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Titus Destroys the Temple

Sulpicius Severus, a Christian historian who lived from ca. 363 to 420 CE, wrote a history of the world entitled Chronica. In it he claimed that the Roman historian Tacitus (ca. 56 BCE-120 CE) recorded that Titus, the Roman general who conquered Jerusalem, favored destroying the Jerusalem Temple to help uproot the Jewish and Christian religions.

His view of Titus, quoted here, contradicts the account of Josephus who was present at the siege. Josephus described Titus as wanting to spare the Temple. It is impossible to judge for certain the accuracy of the various accounts.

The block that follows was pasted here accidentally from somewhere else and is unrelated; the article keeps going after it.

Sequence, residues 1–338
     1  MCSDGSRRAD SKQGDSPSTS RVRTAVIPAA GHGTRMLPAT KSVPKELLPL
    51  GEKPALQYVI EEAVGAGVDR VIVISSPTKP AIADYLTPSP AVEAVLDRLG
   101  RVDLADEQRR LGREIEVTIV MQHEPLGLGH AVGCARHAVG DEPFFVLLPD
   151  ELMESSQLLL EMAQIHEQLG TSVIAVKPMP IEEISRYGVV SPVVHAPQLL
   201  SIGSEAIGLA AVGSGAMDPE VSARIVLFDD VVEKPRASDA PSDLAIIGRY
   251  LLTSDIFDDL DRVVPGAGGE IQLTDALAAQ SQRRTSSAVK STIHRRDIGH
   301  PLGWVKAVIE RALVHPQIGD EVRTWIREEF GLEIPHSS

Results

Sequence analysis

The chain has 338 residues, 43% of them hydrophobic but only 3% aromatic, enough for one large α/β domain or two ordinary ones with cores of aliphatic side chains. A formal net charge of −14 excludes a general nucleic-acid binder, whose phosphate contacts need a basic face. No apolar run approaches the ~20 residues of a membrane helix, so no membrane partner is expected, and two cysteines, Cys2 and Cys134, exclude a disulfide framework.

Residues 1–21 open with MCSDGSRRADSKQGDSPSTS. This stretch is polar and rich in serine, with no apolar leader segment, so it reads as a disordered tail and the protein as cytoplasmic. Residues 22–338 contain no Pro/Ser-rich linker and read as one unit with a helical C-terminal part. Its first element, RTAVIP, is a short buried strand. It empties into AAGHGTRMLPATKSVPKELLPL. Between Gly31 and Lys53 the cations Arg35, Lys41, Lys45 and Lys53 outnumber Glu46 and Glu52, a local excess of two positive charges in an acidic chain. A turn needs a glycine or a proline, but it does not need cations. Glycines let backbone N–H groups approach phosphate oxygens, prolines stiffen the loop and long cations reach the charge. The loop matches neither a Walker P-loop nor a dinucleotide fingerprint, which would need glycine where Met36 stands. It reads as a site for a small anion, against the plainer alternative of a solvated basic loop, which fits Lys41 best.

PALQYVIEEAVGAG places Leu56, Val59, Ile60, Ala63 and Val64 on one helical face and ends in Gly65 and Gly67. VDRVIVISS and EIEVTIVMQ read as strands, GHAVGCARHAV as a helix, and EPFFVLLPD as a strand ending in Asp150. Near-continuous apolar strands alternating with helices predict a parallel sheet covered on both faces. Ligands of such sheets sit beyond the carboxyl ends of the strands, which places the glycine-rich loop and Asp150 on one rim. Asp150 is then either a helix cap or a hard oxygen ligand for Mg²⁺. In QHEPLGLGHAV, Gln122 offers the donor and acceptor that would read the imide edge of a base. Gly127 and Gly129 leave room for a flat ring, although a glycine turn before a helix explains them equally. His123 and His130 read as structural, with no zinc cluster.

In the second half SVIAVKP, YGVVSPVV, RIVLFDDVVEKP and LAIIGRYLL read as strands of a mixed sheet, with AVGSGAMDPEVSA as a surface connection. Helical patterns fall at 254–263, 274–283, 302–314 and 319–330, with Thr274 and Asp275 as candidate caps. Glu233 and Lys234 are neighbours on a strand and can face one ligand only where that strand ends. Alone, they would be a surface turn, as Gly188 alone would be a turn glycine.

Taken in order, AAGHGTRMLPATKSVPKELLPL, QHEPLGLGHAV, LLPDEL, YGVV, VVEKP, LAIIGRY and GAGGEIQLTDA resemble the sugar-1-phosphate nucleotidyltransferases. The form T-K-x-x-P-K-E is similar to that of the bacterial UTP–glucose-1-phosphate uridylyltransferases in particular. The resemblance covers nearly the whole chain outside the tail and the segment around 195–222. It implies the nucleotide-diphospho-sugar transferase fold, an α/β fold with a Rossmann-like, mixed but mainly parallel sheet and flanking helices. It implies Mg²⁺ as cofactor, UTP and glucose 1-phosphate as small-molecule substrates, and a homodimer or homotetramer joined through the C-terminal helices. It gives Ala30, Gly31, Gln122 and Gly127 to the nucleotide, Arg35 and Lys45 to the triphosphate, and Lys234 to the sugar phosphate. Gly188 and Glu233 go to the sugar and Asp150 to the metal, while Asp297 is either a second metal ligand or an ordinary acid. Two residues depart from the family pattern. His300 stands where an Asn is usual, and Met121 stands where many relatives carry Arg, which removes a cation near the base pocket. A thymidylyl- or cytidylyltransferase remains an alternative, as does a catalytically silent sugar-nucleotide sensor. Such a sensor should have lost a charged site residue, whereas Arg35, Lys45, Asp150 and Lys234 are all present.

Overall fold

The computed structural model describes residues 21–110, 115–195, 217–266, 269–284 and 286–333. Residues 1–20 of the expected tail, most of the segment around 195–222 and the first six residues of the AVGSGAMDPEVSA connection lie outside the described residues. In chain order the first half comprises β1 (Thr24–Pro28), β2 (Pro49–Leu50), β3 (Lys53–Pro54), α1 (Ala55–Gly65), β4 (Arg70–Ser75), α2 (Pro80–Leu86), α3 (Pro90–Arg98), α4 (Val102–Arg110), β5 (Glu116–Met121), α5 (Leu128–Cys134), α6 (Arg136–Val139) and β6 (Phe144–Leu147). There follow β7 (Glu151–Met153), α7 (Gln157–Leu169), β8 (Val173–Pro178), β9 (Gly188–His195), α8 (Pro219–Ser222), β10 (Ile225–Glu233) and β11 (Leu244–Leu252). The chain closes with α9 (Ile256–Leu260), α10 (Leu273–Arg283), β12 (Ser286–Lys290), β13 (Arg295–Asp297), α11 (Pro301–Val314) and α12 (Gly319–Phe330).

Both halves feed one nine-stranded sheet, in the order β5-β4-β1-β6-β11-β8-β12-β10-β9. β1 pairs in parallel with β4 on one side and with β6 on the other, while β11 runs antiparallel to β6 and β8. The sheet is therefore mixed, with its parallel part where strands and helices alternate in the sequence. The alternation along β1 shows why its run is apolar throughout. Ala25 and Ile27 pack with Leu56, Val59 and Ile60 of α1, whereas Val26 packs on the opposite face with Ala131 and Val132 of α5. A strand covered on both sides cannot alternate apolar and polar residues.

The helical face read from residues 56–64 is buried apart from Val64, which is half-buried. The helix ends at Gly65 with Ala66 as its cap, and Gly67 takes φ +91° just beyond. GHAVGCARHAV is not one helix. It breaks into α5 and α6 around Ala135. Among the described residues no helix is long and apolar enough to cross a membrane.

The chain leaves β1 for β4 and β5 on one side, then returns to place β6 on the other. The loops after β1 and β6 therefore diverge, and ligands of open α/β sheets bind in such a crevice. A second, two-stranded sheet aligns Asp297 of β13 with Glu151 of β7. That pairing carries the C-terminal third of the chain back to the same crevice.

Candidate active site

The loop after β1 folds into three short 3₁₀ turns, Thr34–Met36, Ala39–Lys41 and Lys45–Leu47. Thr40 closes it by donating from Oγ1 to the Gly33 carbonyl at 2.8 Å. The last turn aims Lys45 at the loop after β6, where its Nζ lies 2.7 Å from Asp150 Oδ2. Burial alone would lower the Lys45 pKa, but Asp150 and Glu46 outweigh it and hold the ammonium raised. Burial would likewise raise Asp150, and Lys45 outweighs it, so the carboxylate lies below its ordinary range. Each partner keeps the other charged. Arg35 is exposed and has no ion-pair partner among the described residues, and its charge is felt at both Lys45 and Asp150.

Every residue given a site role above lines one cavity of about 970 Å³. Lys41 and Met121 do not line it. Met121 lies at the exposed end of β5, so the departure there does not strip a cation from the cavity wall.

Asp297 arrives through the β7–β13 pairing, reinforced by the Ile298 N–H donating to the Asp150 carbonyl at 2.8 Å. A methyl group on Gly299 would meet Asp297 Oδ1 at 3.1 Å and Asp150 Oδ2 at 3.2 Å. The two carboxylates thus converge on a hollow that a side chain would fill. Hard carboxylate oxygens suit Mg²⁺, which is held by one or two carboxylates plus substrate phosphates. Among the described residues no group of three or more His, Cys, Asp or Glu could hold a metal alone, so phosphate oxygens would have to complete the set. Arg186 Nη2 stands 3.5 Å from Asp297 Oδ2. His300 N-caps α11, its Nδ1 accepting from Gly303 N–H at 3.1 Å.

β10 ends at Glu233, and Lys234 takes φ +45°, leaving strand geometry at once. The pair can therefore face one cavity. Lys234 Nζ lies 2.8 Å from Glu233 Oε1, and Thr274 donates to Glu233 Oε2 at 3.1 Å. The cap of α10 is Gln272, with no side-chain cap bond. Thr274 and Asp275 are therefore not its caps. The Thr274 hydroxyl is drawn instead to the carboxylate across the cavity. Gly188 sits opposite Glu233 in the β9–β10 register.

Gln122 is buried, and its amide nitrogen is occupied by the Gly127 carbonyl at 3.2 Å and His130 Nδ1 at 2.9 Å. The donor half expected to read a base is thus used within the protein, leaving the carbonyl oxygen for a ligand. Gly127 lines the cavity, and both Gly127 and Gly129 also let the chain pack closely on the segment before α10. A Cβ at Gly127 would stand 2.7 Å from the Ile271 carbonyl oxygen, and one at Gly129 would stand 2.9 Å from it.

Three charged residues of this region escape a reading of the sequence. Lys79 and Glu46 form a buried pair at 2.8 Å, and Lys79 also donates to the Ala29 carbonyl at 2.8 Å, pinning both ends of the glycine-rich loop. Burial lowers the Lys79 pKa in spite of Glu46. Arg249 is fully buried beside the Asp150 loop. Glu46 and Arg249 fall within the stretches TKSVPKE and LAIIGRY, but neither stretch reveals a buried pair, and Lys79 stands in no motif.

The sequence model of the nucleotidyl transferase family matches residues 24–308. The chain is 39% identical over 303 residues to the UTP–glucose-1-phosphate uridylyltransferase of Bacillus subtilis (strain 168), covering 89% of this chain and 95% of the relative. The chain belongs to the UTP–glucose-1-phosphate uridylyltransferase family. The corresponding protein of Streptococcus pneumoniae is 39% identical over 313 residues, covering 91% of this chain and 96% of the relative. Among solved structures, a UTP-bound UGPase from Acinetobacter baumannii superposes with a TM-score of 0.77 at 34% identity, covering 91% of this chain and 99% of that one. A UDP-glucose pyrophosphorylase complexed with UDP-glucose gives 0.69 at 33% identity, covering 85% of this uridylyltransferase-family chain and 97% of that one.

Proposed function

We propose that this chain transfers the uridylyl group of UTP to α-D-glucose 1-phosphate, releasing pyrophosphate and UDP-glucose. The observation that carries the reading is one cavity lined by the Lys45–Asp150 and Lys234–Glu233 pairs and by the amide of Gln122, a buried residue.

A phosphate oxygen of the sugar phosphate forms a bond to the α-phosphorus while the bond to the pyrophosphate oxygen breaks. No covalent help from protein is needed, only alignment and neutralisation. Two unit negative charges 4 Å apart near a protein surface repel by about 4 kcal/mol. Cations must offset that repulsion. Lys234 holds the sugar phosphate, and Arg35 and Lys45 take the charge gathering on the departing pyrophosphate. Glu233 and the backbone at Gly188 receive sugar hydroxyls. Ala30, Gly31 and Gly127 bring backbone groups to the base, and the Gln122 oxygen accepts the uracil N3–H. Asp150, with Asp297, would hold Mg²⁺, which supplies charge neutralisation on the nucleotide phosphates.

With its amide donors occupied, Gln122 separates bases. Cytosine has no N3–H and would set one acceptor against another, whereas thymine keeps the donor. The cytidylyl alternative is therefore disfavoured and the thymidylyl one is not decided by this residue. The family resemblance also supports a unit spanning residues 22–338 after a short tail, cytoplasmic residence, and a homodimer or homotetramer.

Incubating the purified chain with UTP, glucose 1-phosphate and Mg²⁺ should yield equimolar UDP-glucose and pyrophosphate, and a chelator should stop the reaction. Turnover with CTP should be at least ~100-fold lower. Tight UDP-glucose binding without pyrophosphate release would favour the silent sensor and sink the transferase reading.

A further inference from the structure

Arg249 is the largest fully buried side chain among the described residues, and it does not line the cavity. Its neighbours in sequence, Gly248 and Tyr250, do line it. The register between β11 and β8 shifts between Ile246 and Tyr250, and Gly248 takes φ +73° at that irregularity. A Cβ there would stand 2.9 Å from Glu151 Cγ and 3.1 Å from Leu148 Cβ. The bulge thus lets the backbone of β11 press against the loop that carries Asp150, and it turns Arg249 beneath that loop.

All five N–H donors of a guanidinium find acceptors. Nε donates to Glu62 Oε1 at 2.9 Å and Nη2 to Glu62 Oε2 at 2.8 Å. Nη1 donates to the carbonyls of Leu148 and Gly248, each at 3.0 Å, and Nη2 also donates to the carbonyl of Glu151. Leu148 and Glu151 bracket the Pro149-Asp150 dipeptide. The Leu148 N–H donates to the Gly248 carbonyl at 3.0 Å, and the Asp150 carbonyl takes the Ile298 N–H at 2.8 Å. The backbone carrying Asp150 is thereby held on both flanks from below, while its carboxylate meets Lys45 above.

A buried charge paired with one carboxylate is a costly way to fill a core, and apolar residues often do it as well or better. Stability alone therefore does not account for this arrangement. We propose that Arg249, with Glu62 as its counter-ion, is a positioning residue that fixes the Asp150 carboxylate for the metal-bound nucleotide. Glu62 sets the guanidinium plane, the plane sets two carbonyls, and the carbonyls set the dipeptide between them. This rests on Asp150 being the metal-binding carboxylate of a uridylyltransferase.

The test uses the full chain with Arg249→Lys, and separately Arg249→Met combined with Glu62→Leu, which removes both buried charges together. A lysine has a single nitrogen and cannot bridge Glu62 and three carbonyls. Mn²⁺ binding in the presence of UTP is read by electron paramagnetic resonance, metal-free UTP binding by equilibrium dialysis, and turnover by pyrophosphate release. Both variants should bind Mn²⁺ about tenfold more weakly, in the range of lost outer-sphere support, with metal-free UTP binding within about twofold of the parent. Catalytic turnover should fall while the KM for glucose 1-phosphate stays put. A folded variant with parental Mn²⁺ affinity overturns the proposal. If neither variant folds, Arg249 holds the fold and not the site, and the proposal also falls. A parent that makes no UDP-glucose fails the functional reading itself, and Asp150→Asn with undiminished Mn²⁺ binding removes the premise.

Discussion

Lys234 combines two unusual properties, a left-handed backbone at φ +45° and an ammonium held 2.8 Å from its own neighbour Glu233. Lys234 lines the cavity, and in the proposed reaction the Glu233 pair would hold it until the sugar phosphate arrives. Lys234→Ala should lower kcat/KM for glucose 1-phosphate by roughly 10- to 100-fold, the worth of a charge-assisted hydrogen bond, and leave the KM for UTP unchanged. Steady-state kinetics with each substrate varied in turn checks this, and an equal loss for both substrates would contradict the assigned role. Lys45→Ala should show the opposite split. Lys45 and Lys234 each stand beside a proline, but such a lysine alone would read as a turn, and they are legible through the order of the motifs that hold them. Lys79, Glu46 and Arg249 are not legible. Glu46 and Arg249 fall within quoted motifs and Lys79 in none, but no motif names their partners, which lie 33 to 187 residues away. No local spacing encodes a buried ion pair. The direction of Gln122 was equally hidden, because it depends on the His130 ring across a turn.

It is said that Titus summoned his council, and before taking action consulted it whether he should overthrow a sanctuary of such workmanship, since it seemed to many that a sacred building, one more remarkable than any other human work, should not be destroyed. For if preserved it would testify to the moderation of the Romans, while if demolished it would be a perpetual sign of cruelty. On the other hand, others, and Titus himself, expressed their opinion that the Temple should be destroyed without delay, in order that the religion of the Jews and Christians should be more completely exterminated. For those religions, though opposed to one another, derive from the same founders; the Christians stemmed from the Jews and the extirpation of the root would easily cause the offspring to perish.